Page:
According to new research, the answer appears to be ‘Yes.’
We know that sleep is critical for the optimum functioning of our brain, though we are only now starting to understand why this is. One research group explored the mechanisms of the brain in both a waking and sleeping state. They found that the brain was doing work during sleep that it didn’t do while in a waking state. They framed this as ‘taking out the garbage’ and preparing for the next day of sensory input. Read more about this in the jounal ‘Science’ or read this summary article in the New York Times. http://www.nytimes.com/2014/01/12/opinion/sunday/goodnight-sleep-clean.html?_r=0
When the brain does not get a chance to do the work it needs to do because we either don’t sleep or don’t get enough sleep, then it does not function as it should. We may find that our memory is not as good and we have more difficulty with decision-making and problem-solving.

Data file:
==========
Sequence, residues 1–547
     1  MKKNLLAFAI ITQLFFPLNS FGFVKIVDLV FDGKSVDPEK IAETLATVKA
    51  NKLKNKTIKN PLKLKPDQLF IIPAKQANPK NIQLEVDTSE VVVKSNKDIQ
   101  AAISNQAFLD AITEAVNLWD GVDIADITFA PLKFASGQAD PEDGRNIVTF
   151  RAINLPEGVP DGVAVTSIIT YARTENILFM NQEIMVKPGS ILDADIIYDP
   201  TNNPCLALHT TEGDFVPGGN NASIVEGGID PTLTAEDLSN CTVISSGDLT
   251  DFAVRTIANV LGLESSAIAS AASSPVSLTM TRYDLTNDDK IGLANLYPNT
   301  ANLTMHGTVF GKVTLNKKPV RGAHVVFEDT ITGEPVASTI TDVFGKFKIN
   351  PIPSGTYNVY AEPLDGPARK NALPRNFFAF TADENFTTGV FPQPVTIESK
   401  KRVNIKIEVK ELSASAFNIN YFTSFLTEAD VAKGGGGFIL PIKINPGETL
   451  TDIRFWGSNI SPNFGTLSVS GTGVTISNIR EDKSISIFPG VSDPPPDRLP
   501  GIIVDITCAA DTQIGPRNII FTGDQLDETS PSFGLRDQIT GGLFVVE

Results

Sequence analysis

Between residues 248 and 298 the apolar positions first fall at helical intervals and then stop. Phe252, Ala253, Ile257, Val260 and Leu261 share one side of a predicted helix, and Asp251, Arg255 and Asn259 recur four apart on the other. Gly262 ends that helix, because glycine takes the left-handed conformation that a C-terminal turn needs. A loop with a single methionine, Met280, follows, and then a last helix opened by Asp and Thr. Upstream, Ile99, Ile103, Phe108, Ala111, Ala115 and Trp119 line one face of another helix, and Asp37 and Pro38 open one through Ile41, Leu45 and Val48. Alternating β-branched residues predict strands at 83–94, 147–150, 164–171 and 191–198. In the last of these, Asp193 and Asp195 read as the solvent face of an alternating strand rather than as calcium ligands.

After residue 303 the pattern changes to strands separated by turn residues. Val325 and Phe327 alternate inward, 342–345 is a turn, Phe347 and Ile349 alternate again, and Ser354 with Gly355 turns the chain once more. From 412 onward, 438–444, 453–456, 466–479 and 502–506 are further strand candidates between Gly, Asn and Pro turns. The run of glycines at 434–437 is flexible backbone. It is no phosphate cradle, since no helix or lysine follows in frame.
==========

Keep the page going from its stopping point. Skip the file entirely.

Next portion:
However, according to other new research, this may be the least of our problems. Chronic sleep loss may be permanently damaging our brain.
This research centres on the mitochondria in brain neurons. Mitochondria are the energy producers in the cells and when we are subjected to sleep loss, they do not function properly, thus depriving the brain of the energy needed for its functioning. For more on this research see J Psychiatr Res 2010 Sep, 44(12) 775-80, Andreazza AC or Journal of Neuroscience 2014 March, Veasey, Sigrid.
In my presentation ‘ZZZ… Best You Can Be,’ I encourage people to ‘choose sleep before chores.’ This new research really speaks to the wisdom of such a choice.